Mineral Surface Processes Responsible for the Decreased Retardation (or Enhanced Mobilization) of 137 Cs from HWL Tank Discharges

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Experimental research will determine how the sorption chemistry of Cs on Hanford vadose zone sediments changes after contact with solutions characteristic of high-level tank wastes (HLW). Our central hypothesis is that the high ionic-strength of tank wastes (i.e., > 5 mol/L NaNO3) will suppress all surface-exchange reactions of Cs, except those to the highly selective frayed edge sites (FES) of the micaceous fraction. We further speculate that the concentrations, ion selectivity, and structural aspects of the FES will change after contact with the harsh chemical conditions of HLW and these changes will be manifest in the macroscopic sorption behavior of ... continued below

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Zachara, John M.; Bertsch, Paul M. & Serne, Jeffrey R. June 1, 1999.

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Experimental research will determine how the sorption chemistry of Cs on Hanford vadose zone sediments changes after contact with solutions characteristic of high-level tank wastes (HLW). Our central hypothesis is that the high ionic-strength of tank wastes (i.e., > 5 mol/L NaNO3) will suppress all surface-exchange reactions of Cs, except those to the highly selective frayed edge sites (FES) of the micaceous fraction. We further speculate that the concentrations, ion selectivity, and structural aspects of the FES will change after contact with the harsh chemical conditions of HLW and these changes will be manifest in the macroscopic sorption behavior of Cs. We believe that migration predictions of Cs can be improved substantially if such changes are understood and quantified. The research will integrate studies of ion-exchange thermodynamics on the FES, with high resolution surface microscopies and spectroscopy to probe the structure of FES in Hanford sediments and to describe how the chemical environment of sorbed Cs changes when HLW supernatants promote silica dissolution and aluminum precipitation. Newly available atomic-force microscopies and high-resolution electron-beam microscopies afford previously unavailable opportunities to visualize and characterize FES. Our overall goal is to provide knowledge that will improve transport calculations of Cs in the tank-farm environment. Specifically, the research will: Identify how the macroscopic sorption behavior of Cs on the micaceous fraction of the Hanford sediments changes after contact with simulants of HLW tank supernatants over a range of relevant chemical ([OH], [Na], [Al], [K, NH4]) and temperature conditions (23-80 C). Reconcile observed changes in sorption chemistry with microscopic and molecular changes in adsorption-site distribution, chemistry, mineralogy, and morphology/structure of the micaceous sorbent fraction. Integrate mass-action-solution-exchange measurements with changes in the structure/site distribution of the micaceous-sorbent fraction to yield a multi-component/site-exchange model relevant to high ionic strength and hydroxide concentrations for prediction of environmental Cs sorption.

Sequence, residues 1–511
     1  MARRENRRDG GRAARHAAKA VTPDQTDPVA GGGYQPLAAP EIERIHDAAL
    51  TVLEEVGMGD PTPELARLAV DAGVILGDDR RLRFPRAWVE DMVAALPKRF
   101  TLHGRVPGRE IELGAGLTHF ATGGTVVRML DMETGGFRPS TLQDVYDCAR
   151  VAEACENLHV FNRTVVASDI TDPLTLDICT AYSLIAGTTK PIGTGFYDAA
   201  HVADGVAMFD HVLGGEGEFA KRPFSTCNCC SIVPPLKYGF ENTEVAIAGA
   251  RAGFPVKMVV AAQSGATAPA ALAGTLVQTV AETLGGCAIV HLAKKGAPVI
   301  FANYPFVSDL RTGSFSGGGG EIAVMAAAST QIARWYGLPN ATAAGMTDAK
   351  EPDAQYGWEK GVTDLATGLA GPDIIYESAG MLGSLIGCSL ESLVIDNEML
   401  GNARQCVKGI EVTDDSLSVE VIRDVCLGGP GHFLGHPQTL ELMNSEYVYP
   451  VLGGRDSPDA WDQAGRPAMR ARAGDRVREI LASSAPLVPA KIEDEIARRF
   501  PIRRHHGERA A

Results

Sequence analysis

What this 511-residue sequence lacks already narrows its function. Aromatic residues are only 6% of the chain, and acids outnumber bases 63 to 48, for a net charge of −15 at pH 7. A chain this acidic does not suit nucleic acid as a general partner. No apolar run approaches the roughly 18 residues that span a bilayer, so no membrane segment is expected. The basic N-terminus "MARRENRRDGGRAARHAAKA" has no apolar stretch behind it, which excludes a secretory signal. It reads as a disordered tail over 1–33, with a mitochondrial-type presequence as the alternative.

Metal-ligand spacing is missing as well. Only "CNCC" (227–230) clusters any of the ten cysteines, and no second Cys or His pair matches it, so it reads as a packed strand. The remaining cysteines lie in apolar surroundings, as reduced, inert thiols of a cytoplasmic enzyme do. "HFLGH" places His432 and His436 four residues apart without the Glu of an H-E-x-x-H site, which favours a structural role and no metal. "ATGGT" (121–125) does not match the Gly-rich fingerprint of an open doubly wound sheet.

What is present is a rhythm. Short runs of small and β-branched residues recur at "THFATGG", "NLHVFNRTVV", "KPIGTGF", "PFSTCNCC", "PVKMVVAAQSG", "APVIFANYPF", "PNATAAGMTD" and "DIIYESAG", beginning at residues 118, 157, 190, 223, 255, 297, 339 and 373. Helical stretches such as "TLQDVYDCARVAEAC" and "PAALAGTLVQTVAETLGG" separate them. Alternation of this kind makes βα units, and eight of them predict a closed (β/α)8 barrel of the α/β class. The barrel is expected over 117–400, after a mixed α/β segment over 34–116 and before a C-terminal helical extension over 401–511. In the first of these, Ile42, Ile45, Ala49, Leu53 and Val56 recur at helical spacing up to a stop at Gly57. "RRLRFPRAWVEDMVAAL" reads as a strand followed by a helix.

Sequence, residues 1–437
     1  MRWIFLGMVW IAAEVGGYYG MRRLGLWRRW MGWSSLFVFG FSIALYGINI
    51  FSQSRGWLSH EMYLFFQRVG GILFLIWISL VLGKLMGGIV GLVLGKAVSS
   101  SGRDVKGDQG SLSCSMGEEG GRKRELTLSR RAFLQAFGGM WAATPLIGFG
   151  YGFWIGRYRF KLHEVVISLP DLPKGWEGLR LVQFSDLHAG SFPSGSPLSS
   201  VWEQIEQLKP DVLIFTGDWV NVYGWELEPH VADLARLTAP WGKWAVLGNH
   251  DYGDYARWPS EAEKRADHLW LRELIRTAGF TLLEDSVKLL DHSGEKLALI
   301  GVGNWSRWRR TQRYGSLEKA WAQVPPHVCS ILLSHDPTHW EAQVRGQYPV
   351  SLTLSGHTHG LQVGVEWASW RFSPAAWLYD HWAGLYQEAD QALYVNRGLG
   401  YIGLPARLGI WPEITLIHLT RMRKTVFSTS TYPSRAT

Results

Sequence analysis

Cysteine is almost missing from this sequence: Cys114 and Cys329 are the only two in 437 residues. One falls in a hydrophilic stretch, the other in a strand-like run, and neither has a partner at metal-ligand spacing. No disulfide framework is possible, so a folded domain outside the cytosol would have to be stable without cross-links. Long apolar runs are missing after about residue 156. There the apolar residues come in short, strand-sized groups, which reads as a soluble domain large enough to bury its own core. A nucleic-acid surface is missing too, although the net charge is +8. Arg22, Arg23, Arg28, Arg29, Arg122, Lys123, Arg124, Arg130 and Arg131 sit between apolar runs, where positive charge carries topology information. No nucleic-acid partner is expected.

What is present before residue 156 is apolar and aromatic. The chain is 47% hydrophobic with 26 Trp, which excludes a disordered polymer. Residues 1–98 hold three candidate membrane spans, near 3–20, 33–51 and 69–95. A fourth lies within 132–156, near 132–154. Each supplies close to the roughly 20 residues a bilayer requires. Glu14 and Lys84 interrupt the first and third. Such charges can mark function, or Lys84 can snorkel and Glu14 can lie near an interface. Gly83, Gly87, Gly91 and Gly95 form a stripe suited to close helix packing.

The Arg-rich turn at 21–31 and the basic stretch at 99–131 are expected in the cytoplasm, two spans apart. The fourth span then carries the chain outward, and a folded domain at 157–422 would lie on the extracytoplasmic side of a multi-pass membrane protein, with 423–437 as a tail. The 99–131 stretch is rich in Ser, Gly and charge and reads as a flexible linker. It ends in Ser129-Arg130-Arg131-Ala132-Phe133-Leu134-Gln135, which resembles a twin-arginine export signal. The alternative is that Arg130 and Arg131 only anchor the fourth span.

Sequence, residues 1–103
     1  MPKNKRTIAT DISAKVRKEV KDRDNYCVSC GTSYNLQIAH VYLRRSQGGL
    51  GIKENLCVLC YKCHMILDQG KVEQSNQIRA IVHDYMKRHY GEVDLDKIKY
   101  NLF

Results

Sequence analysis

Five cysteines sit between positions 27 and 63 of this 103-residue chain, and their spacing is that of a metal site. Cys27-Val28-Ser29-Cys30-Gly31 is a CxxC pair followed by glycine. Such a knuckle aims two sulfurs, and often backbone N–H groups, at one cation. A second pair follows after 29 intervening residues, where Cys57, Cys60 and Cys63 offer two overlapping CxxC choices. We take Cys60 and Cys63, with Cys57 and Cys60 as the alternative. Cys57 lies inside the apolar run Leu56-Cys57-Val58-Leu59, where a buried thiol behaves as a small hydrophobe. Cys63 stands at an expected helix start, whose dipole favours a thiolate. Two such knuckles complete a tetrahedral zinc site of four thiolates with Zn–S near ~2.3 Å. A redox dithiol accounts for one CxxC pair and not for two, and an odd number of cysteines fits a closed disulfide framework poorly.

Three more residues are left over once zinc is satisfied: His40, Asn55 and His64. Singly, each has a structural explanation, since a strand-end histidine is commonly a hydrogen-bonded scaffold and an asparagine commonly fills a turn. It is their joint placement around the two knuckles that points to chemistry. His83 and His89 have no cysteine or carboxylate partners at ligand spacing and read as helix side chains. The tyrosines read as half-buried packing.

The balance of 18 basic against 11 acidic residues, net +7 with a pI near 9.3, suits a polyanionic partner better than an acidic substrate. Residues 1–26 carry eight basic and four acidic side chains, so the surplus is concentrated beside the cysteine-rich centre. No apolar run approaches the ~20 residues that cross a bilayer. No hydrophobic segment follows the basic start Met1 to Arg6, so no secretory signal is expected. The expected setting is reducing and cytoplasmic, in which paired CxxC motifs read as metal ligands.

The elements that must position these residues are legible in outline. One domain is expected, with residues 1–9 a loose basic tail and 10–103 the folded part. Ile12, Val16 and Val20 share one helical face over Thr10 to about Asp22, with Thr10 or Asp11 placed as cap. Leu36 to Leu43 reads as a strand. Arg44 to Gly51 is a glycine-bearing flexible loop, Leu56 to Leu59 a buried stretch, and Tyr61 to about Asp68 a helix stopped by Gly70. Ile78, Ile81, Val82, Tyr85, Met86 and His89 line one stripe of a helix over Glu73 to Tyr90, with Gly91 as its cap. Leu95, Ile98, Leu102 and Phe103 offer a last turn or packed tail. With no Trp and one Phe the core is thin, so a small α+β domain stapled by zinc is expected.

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  • Other Information: PBD: 1 Jun 1999

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  • Report No.: EMSP-60355--1999
  • DOI: 10.2172/829967 | External Link
  • Office of Scientific & Technical Information Report Number: 829967
  • Archival Resource Key: ark:/67531/metadc787551

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  • June 1, 1999

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  • Dec. 3, 2015, 9:30 a.m.

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  • April 21, 2016, 2:29 p.m.

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Zachara, John M.; Bertsch, Paul M. & Serne, Jeffrey R. Mineral Surface Processes Responsible for the Decreased Retardation (or Enhanced Mobilization) of 137 Cs from HWL Tank Discharges, report, June 1, 1999; Richland, Washington. (digital.library.unt.edu/ark:/67531/metadc787551/: accessed December 16, 2017), University of North Texas Libraries, Digital Library, digital.library.unt.edu; crediting UNT Libraries Government Documents Department.